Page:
Bollywood Bursts onto Watford Stage

“You run around a tree with some fat guy old enough to be your dad.”  


“Find Your voice.  Find Your Tribe”


Cast. (Photo: Rich Lakos)

The title is a skit on the 80s British Pop Group “Frankie Goes to Hollywood”.  This musical production is from Pravesh Kumar of RIFCO, now based at the Watford Palace Theatre, who have been developing shows on the British South Asian scene for two decades.  Looking at the photographs in this review will probably tell you more than I can whether this show is for you because its strength for me lies in the costume, the choreography and the sets rather than the story line. 

It is based on a British Indian girl called Frankie (Laila Zaidi) who works in a cinema in Milton Keynes selling popcorn with her cousin Goldy (Katie Stasi).  Frankie’s mother (Helen K Wint) has died but she left her daughter memories of her career as a singer and dancer.  It is Goldy’s ambition to succeed as a Bollywood singer but her body shape doesn’t conform to what is required. 

Laila Zaidi as Frankie and Katie Stasi as Goldy (Photo: Rich Lakos)

Frankie meets trainee director Prem (played by heart throb Navin Kundra) and she is whisked off to Bollywood where she becomes the hottest property.  The aging male star is Raju King (Shakil Hussain) who invites Frankie to become a part of his inner power circle, called The Family.  Did I hear someone say, “ A moment on the lips, a lifetime on the hips,” ?  King’s current lead is Malika (a very fine voiced Helen K Wint) who is actually quite kind to Frankie despite the competition she poses.

Cast (Photo: Rich Lakos)

After being seduced by the stardom in Act One, Frankie finds her inner value system and speaks out about the way women are treated by the Bollywood industry.  I think the First Act, apart from the songs and swirling dance sequences could do with some tightening up but it is always difficult when you are setting up a denouement in the Second Act, to keep your audience fully engaged initially.

Cast (Photo: Rich Lakos)

The costume changes are very impressive as we have a gym scene, one with pilots and flight attendants and of course dancers in saris performing traditional Indian dance with accessories of yards of silk chiffon.  The scene back stage with changing costumes must be impressive to watch.  I found the women dancers in this show to be of a higher quality than the men and I know that there are brilliant male dancers out there, I remember, from the production of Beyond Bollywood that I saw at the Palladium in 2015.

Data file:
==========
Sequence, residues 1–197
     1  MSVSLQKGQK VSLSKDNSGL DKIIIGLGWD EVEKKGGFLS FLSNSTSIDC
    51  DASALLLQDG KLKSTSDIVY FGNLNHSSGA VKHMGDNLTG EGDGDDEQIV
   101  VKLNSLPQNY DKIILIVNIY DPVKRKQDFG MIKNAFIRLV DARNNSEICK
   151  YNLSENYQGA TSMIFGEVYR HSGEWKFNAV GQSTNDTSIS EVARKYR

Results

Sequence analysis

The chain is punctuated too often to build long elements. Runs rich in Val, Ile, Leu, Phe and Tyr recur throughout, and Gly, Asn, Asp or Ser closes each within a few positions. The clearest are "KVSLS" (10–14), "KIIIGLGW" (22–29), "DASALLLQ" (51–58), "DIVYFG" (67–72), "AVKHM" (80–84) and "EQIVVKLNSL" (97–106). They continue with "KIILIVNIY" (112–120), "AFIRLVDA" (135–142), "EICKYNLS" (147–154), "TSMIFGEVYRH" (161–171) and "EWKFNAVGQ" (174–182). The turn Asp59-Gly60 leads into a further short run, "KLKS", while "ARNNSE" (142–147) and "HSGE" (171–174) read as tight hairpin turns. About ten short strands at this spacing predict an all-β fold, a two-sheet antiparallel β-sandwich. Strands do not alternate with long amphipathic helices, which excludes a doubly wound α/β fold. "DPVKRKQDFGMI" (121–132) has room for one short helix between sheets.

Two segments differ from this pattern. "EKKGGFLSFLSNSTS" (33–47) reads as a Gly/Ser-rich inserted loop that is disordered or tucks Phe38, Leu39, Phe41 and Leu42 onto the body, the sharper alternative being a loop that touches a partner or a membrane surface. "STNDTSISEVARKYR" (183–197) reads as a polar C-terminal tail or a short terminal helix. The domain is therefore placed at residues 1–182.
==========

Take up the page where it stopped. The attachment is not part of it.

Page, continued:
Cast (Photo: Rich Lakos)

The broad comedy comes from Raju King and Gigi Zahir as Shona who camps it up in his red shearling Birkies and wearing a two feet wide red rose corsage.  The other great comedienne with some of Kumar’s best lines is Goldy with her emails to her cousin in Mumbai.

The second act is tighter, although we maybe don’t get to see enough of Navin Kundra but there is outstanding singing from Laila Zaidi and Helen K Wint.  Frankie shows she is an intelligent actor as she has to escape from the contract she was made to sign by Raju King.  All is put to right with a celebratory, crowd pleasing finale.

Cast (Photo: Rich Lakos)

Sadly the company haven’t developed a programme yet and I don’t buy the “saving the environment” excuse for a small flyer which I’d need a magnifying glass to read.  I’m sure the appreciative audience would value a pictorial record of the show with cast biographies as well as the online information. I liked Rebecca Brower’s sets with multiple arches, lanterns and swagged curtains.  The theatre’s proscenium arch has been given Indian architectural shapes and Philip Gladwell’s lighting enhances the colours and shiny fabrics. Credit must also go to Andy Kumar for his crucial joint roles as Costume Designer and Movement Director.   

RIFCO have created an entertaining show which be very welcome for Bollywood fans who can be in the room where it happens, a long way from Mumbai.  

The show is on tour to eight locations before it arrives at the SouthBank on 31st July 2024 for three weeks.  Scroll down to Information notes below.  

Helen K Wint as Malika and Cast (Photo: Rich Lakos)

Production Notes

Frankie Goes to Bollywood

Concept & Book by Pravesh Kumar

Songs and Music by Niraj Chag

Songs and Lyrics by Tasha Taylor Johnson

Directed by Pravesh Kumar




Laila Zaidi

Nikita Johal

Gigi Zahir

Katie Stasi

Helen K Wint

Kuldeep Goswami

Navin Kundra

Shakil Hussain

Anna Maria Barber

Tash Bacarese-Hamilton

Hari Chandresh

Dhruv Ravi

Qoobi Robinson

Tamara Verhoven Clyde


Director:  Pravesh Kumar

Movement: Andy Kumar

Set Designer: Rebecca Brower

Costume Design: Andy Kumar

Musical Director and Supervisor: Josh Sood

Lighting Designer: Phillip Gladwell

Sound Designer: Chris Murray

Video and Projection: Gurkiran Kaur

Fight Director: Terry King


Running Time: Two hours 30 minutes including an interval

Booking Watford  until 11th May 2024

Then touring to


HOME Manchester

Wed 15 May – Sat 25 May 2024

Beck Theatre, Hayes

Tue 28 May – Sat 01 Jun 2024

Queen’s Theatre, Hornchurch

Tue 04 Jun – Sun 09 Jun 2024

Wolverhampton Grand Theatre

Tue 11 Jun – Sat 15 Jun 2024

Alhambra, Bradford

Tue 18 Jun – Sat 22 Jun 2024

Theatre Royal Windsor

Tue 25 Jun – Sat 29 Jun 2024

Belgrade Theatre Coventry

Tue 02 Jul – Sat 06 Jul 2024

New Theatre, Cardiff

Tue 16 Jul – Sat 20 Jul 2024

Southbank Centre, London

Wed 31 Jul – Sun 18 Aug 2024



Watford Palace Theatre

20 Clarendon Road


WD17 1JZ

Box Office enquiries:

01923 225671

Tube/Rail : Watford Junction

Telephone: 01923 225671


Reviewed by Lizzie Loveridge  at the Watford Palace Theatre 

on 30th April 2024

Cast. (Photo: Rich Lakos)